Patients hail move to allow Medisave for outpatient treatment
MORE people are being diagnosed with bipolar disorder, affirming the recent move by the Health Ministry (MOH) to free up Medisave funds to cover their outpatient treatment bills. The Institute of Mental Health (IMH), which handles the bulk of patients with this incurable mental illness, has 20 per cent more patients now than it did just three years ago. In raw numbers, this translates to 1,069 patients as of last year, up from 902 in 2008.
Over at the National University Hospital (NUH), the 200 people now being treated for the illness, marked by alternating mood swings of extreme elation and depression, represents a doubling of the 2006 figure.Associate Professor C. B. Khare, a senior consultant psychiatrist there, said the rise is likely due to better recognition of the disorder in recent years, he said.
Patients contacted said they welcomed being able to use their Medisave funds to pay for their treatment, which can be expensive. Some of them have to take more than one type of drug daily, with some of these costing as much as $5 a tablet. They also need to see their doctors a few times a year, or even monthly, and such consultations can each cost up to $30 for subsidized patients. Added to that is the cost of psychotherapy sessions, where they learn how to cope with stress and to recognise the onset of mood swings.
Under the Chronic Disease Management Programme, which will now include bipolar disorder, patients will be allowed to withdraw up to $300 per Medisave account yearly to cover consultation and medication fees. This leaves the patient out of pocket for only $30 of the bill, plus 15 per cent of the remaining amount each time.
Freelance administrator Nancie Koo, 45, who has struggled with the disorder for 18 years and sought help only in 2007, said the inclusion of the illness under the programme was “good news”, given that treatment for it is long term. It costs her $2,400 a year.
An MOH spokesman said bipolar disorder was put on the programme because the illness, which responds well to treatment, can make its sufferers suicidal, “hence the public health priority”. The MOH also turned to international guidelines in making the decision. Globally, 1 to 2 per cent of people are estimated to have the disorder.
Regular treatment is crucial in preventing relapses, which may land patients in hospital, adding thousands of dollars to their medical expenses. IMH psychiatrist Mok Yee Ming said when patients forget or are not diligent in taking their medication, they put themselves at risk of a relapse. Prof Khare said when this happens, the decisions they make, including important ones like marriage, may be affected. Dr Christopher Cheok, who heads the psychological medicine department at Khoo Teck Puat Hospital, said the mood swings may make it a challenge for them to hold down a regular job. But those who manage their condition well can live normal, productive lives, said Dr Mok.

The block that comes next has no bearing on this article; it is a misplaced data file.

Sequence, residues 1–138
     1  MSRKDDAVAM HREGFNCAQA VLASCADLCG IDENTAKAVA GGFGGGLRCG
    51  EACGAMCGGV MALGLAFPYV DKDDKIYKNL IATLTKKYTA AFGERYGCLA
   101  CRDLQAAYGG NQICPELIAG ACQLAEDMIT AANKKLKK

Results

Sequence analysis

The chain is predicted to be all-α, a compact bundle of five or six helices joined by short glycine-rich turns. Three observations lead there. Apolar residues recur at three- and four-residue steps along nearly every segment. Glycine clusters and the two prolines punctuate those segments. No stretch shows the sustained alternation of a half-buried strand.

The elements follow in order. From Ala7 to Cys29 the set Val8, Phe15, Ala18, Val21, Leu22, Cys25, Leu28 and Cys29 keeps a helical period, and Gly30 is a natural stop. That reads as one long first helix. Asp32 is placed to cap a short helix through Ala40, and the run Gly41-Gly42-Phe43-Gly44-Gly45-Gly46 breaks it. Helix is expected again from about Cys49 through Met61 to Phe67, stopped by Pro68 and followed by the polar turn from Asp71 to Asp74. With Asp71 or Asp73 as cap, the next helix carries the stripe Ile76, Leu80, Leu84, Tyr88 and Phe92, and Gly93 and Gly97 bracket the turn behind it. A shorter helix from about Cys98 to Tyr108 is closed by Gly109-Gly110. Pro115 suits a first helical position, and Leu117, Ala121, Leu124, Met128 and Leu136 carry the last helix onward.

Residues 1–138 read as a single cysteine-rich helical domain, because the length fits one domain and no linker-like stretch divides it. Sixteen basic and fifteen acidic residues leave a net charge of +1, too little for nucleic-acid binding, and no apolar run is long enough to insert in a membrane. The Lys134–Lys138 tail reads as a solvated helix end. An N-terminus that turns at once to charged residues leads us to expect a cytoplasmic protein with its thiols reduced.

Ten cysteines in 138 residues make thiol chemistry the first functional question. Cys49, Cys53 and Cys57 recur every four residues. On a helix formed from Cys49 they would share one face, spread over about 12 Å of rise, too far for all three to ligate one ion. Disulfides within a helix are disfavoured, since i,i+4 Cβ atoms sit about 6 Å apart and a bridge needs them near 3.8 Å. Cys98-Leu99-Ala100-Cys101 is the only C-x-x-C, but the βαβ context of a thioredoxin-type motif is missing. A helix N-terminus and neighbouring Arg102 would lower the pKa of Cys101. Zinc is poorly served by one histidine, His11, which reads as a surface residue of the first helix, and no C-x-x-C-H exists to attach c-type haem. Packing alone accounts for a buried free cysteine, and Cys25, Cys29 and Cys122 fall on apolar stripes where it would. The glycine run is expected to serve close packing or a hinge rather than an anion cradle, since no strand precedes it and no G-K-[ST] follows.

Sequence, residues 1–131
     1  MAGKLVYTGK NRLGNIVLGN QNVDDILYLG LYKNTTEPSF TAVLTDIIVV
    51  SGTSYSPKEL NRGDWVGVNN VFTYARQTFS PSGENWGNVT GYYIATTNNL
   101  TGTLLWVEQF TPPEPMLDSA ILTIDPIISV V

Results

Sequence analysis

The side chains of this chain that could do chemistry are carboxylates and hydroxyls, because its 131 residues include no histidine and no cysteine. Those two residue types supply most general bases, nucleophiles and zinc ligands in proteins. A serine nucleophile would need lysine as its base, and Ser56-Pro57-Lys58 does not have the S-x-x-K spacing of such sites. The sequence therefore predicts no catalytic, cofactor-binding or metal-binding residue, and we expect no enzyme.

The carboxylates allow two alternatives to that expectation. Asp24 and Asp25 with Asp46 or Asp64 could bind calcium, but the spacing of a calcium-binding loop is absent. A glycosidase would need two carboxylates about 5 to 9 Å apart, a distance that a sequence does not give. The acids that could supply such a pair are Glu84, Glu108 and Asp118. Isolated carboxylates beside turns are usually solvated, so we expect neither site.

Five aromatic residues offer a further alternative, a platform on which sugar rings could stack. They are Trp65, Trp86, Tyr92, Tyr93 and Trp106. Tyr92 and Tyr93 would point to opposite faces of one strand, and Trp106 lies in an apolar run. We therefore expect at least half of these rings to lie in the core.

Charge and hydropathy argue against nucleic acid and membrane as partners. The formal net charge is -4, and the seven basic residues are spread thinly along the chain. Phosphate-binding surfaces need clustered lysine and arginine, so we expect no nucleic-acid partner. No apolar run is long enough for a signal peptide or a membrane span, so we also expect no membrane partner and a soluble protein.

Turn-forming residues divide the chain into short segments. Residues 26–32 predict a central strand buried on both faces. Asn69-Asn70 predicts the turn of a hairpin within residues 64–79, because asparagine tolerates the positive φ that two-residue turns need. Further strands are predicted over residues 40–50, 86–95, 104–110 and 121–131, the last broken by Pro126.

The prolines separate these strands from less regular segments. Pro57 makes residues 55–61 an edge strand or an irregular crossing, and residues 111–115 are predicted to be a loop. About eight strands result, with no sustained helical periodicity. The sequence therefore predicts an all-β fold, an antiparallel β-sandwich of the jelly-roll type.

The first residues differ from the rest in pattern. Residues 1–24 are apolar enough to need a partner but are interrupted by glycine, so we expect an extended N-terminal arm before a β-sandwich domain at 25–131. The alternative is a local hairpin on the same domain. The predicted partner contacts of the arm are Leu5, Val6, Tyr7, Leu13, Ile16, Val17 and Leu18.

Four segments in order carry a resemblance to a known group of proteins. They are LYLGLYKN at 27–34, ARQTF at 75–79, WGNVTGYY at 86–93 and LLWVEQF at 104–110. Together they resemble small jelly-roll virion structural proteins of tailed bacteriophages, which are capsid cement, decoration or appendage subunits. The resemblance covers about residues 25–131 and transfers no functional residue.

Take Hafiz (not his real name), 32, a teacher and a father of two, whose condition is now under control. Diagnosed over 10 years ago, he used to hallucinate and, in his fits of violence, chased his parents out of the house and threatened to kill his wife. He continues to struggle with the stigma of being mentally ill. He said: “Until today, my mother doesn’t believe that I have bipolar disorder. She thinks I’m possessed by a spirit. She would tell me that I need to pray more.” He pays $1,500 a year for treatment - excluding the occasional hospital bill - and said that being able to use Medisave was of help, but more can be done to raise acceptance of the disorder.
Agreeing, Ms Koo said employers could be urged not to discriminate against mental patients. She suggested that employers be offered financial perks if they allow extended time off, or shorter and flexible working hours for employees with mental illnesses. Hafiz suggested that insurance companies include bipolar disorder on their schedules of illnesses that give payouts upon hospitalisation.
Another patient, who wanted to be known only as George, 40, called for the Medisave limit to be raised. The IT assistant spends up to $100 every two months for consultation and medication, and has a family, including two children, to support. But psychiatrist Tommy Tan, who has a practice at Novena Medical Centre, said $300 was a “sensible” amount, saying: “Allowing too much will drain the person’s Medisave account... “There’s a high chance of their encountering major diseases like cancer down the road, and surgery and chemotherapy will cost a lot more.”
IMH has 20 per cent more patients now than it did three years ago: 1,069 patients as of last year, up from 902 in 2008
NUH has 200 people now being treated - a doubling of the 2006 figure